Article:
Canadian chiropractors will go to court to retain the ability to use X-ray technology before and after chiropractic adjustments if required. Should chiropractors keep this right?

On February 4, 2021, the College Board approved changes to the Professional Conduct Handbook (PCH) Part 2, Part 15, and Appendix L relating to diagnostic imaging. These amendments state: “Routine or repeat x-rays used as a regular protocol in patient assessment and diagnosis are not clinically warranted.” – Statement from the College of Chiropractors of British Columbia, Amendments to the PCH (Professional Conduct Handbook): Routine and Repeat Imaging, on the use of X-ray technology

We believe this will be used as a “template” or “proof of concept” in other parts of Canada and that it will eventually find its way to other parts of the world as well. We have contacted several of the vitalistic, principled chiropractors in British Columbia to increase and support opposition to these ideas, with the ultimate goal of having these changes canceled and / or removed entirely.

– Declaration by the International Federation of Chiropractors & Organizations on the use of X-ray technology

X-ray before CMT makes sense according to all guidelines that are taught in school, R / O FX, tumor, after injuries, where CMT is used, etc. However, another X-ray after CMT does not make sense. X-ray after CMT is usually a technique-related procedure, Pettibon etc. This is NOT acceptable in the normal field of care. A re-x-ray is usually only done to follow FX healing or when a new injury has occurred. Most states in the US don’t allow Chiros to treat FXs, and most insurance companies don’t pay for x-rays if done according to a specific procedural protocol. This usually leads to a request for a peer review. Canadian chiropractors should be allowed to take x-rays for normal reasons; However, the re-x-ray problem is an insurance problem, not a regulatory problem. If a chiropractor decides to re-x-ray after the CMT, this should be discussed with the patient according to the specific procedural protocols used on the patient and the patient should pay for these films.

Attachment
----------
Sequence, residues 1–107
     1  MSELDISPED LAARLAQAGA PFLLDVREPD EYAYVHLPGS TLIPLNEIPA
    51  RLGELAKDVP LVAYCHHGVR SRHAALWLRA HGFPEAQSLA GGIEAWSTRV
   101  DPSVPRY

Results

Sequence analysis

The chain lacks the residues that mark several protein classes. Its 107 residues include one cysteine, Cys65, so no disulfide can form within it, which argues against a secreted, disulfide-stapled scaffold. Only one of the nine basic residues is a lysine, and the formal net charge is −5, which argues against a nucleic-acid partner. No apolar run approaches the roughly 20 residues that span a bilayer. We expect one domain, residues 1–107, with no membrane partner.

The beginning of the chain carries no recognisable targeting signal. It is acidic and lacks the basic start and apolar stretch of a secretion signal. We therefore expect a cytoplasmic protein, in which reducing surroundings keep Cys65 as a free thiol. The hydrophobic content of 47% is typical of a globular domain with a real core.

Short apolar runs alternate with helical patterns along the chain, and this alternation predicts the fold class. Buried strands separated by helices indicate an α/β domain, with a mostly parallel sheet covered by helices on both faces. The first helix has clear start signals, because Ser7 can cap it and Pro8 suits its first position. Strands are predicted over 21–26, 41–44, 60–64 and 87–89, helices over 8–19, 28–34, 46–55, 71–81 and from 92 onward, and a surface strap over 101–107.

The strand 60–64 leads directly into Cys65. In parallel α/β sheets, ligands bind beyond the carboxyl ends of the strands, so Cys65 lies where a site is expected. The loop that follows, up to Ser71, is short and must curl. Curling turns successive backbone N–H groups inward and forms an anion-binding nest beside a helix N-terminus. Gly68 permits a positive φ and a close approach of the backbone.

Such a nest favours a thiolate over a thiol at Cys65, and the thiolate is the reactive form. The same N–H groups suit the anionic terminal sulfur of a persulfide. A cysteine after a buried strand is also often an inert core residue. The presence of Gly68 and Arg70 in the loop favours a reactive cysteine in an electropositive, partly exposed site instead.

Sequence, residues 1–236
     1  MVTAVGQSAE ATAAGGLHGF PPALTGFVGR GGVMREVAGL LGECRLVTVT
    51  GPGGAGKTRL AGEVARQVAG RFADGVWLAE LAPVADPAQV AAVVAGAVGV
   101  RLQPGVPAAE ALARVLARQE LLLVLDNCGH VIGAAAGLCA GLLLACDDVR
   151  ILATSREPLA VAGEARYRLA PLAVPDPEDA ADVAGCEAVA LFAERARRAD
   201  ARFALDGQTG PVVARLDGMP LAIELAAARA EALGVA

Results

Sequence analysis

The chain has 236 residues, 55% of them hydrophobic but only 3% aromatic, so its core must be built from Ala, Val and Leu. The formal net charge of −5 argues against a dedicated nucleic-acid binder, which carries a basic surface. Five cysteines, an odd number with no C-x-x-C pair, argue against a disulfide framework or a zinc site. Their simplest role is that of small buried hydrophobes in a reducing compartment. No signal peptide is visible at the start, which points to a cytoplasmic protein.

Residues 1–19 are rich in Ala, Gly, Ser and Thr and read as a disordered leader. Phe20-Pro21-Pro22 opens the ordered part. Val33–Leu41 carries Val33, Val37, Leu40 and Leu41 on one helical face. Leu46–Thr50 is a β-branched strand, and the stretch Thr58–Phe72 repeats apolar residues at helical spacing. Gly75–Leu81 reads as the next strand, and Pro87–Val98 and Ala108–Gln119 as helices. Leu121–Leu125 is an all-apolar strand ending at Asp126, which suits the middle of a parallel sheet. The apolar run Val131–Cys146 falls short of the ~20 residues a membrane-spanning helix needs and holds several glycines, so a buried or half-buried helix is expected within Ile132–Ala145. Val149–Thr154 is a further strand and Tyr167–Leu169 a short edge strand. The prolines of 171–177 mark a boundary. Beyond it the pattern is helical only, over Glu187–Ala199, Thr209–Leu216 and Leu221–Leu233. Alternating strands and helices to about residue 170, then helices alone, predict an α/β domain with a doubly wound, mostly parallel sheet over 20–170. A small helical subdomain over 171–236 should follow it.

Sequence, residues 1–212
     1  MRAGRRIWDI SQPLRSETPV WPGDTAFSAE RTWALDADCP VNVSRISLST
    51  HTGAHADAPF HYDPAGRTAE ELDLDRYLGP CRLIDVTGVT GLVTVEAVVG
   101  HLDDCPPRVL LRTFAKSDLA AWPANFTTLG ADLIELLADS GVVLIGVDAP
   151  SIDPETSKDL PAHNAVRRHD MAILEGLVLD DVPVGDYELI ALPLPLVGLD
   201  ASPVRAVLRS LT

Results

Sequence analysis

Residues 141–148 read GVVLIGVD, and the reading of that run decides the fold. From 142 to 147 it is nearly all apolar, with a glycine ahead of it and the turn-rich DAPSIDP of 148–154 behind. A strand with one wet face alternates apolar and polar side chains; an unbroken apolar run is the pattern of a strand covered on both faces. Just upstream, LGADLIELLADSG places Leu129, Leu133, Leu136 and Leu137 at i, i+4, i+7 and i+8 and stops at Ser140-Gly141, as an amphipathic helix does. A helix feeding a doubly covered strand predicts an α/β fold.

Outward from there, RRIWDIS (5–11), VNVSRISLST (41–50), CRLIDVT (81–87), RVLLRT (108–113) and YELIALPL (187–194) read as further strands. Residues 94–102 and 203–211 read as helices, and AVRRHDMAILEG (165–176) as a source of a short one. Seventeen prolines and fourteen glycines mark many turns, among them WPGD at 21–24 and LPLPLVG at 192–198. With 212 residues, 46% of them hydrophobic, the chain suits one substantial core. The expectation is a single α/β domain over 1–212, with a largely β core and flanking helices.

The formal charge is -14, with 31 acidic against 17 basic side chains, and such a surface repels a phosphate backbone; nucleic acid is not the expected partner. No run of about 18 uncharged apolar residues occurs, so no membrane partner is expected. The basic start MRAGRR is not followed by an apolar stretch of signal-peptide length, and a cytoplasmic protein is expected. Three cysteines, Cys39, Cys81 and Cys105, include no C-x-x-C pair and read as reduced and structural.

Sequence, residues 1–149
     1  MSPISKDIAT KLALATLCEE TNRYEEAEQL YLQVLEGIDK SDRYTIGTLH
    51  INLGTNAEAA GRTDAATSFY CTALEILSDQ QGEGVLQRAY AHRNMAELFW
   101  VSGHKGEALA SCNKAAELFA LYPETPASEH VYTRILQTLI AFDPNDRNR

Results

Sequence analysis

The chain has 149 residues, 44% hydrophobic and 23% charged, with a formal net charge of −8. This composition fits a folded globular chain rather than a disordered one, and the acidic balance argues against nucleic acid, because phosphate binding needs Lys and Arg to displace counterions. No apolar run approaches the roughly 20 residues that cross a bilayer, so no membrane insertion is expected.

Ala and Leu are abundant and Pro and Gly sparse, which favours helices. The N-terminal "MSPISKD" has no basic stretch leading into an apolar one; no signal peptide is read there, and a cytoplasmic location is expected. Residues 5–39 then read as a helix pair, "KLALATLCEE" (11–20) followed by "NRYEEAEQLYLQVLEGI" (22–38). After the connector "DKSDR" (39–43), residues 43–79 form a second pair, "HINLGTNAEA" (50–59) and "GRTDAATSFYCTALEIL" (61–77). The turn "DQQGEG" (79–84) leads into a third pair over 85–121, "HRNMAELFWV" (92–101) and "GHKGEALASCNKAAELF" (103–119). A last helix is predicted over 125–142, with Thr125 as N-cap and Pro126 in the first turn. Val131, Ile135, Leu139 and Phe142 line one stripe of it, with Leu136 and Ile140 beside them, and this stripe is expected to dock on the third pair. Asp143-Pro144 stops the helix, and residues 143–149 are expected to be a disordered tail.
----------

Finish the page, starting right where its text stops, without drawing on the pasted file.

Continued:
– C. Guest, DC

Although spinal X-ray analysis is a fundamental diagnostic tool of several chiropractic techniques, the proposed changes eliminate the use of X-rays for anything beyond warning signs (fractures, etc.). The changes would severely limit a chiropractor’s ability to X-ray when assessing biomechanical alignment problems. You would also eliminate follow-up radiographs, which are often critical to assessing and changing treatment.

– Canadians for Chiropractic health action network statement on chiropractors using X-ray technology

The simple answer is absolute. It’s a question of parity. If other related professions can be reimbursed, so should chiropractors. Sounds like discrimination against chiropractic.

– South Florida Medical and Wellness Clinic

Sherman College of Chiropractic takes an evidence-based approach to the use of radiography in spinal imaging … Radiology can reveal conditions that require joint treatment or referral to a different type of health care provider. X-ray examinations should only be performed when clinically indicated. The decision to x-ray a patient is based on the medical history, examination results, the best external evidence available, the judgment of the chiropractor, and the preferences and unique characteristics of the individual … Clinical judgment cannot be reduced to prescriptions … Sherman College of Chiropractic welcomes the Opportunity to comment on the PCH changes and strongly encourages the CCBC to repeal PCH Changes 15.1 and 15.2. Issues related to accreditation, risk management, standards of care, professional responsibility, ethics, and responsibility for patient outcomes will be affected by these changes.

– Opinion on the use of X-ray technology by Chiropractic doctors, Sherman College of Chiropractic